He’s also the competition’s highest scorer ever with 115 – 18 more than Messi.
On the other side of the pitch will be Neymar, who surprisingly left Spain last summer after failing to really shine in Messi’s shadow. He’s predictably been purring in Paris, even if his talent appears wasted in an inferior league.
The Samba sensation has netted 28 times in 27 games for PSG in all competitions this term, including 11 in his last eight appearances.
He’s joint second in this season’s goalscoring charts – behind Ronaldo’s nine – on six, while only James Milner (yes, James Miler) – has more assists (5) than Neymar’s four.
LUKA MODRIC V MARCO VERRATTI
Key passes: 5-7
Pass completion: 89%-94%
While Ronaldo is very much the centre of attention at Los Blancos, the real star at Real in recent years has been Luka Modric, who has been one of Europe’s best creative sparks.
The crafty Croat dictates the Madrid tempo in midfield alongside Toni Kroos, with the marauding Casemiro providing the freedom for Modric and Kroos to set up attacks and feed the frontmen.
While he doesn’t possess lung-busting pace or power, he is rarely dispossessed, although he has lost some of his consistency this season and if rumours are to be believed, the 32-year-old is one of the players under threat of the axe this summer.
He only has one assist and one goal in the Champions League this season while his 89 percent pass success rate is only good enough for 10th place among midfielders who’ve made 380 passes or more, and just five key passes made. Although he still has the guile to make things happen, it appears his powers are waning.
While Modric may be on the move this summer, the only place Verratti seems to be going is closer towards the standards set by the ex-Tottenham man. The Italian is one of the best performing midfielders in the Champions League this season, having made 573 passes at an average of 97.2 per game – only Ever Banega (711) has made more.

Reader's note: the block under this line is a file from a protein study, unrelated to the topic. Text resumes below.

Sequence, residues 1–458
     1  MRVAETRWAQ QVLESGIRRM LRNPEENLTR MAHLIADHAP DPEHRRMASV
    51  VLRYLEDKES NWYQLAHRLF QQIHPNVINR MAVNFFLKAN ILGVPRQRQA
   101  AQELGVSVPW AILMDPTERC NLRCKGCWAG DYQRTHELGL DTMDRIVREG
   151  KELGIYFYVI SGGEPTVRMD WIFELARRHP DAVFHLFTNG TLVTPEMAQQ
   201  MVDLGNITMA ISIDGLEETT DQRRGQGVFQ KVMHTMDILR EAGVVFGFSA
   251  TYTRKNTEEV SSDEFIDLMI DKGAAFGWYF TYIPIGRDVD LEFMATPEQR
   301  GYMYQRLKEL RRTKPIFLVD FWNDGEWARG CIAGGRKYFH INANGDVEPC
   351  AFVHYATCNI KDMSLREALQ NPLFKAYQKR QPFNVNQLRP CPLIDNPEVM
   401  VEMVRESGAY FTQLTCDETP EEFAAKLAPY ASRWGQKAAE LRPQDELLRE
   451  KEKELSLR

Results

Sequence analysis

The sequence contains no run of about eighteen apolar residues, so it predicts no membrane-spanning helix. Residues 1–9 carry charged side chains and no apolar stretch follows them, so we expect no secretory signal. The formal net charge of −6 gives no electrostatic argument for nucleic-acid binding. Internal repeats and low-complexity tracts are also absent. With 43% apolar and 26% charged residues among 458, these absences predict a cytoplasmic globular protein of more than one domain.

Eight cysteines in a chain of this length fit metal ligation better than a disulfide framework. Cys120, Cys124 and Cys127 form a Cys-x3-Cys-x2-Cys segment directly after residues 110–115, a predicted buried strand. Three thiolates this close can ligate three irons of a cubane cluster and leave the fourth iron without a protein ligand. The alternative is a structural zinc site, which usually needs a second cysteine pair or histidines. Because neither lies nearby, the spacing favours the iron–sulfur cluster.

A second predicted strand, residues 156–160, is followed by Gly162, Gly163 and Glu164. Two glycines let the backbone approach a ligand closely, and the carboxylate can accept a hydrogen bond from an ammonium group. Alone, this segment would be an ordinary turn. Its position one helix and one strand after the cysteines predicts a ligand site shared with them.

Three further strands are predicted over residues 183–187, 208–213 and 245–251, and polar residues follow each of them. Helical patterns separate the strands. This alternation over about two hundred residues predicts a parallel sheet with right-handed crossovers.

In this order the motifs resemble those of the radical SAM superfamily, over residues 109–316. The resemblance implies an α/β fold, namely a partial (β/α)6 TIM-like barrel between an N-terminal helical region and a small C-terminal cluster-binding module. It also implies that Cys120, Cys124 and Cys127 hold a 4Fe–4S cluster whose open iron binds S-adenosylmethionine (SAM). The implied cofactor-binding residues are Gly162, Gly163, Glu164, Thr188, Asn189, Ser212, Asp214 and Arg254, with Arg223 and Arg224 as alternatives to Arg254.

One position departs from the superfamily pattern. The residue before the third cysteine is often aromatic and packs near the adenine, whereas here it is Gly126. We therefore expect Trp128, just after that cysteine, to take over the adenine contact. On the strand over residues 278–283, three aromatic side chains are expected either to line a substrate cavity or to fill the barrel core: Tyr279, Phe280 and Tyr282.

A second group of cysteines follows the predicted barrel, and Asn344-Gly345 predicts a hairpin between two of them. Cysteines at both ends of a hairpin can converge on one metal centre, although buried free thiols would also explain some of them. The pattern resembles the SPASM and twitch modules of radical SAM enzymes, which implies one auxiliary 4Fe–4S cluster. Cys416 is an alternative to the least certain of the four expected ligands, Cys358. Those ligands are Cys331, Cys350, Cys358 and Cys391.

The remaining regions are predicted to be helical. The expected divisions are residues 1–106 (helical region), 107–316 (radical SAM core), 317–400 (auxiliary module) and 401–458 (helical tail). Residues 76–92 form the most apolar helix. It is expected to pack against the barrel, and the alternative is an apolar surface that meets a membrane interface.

His 94 percent success rate though puts him right near the very top, with only Scott Brown (97), Steven N’Zonzi (96) and Sergio Busquets (95) above him who’ve made 300 passes or more.
Unlike many of his peers, Verratti thrives on breaking up the play of PSG’s opponents and then distributing the ball to his teammates with more flair. His awareness and positioning are both excellent. His high success rate for tackles and interceptions means he’s constantly focused throughout the 90 minutes.
MARCELO V DANI ALVES
Pass completion: 81%-86%
Total passes: 324-445
Tackles won: 22-3
Aerial duels won: 6-1
Two fierce competitors whose chief concerns are preventing their teams from conceding goals, but whose real value arrives in how effective they are at starting and joining their attacks.
Marcelo and Alves are two modern great full-backs, equally adept at halting opposing wingers in their tracks as they are bombing forward and contributing an attacking threat.
Marcelo, who was prone to errors in his early Madrid career, has significantly cut out a lot of the mistakes which diminished his overall quality to establish himself as one of, if not the, world’s best left-back.
Going forward, he has taken huge strides in recent years, displaying significantly improved on-the-ball skills and passing creativity to help carry the weight of Madrid’s attack, recording high figures for both assists and even goals.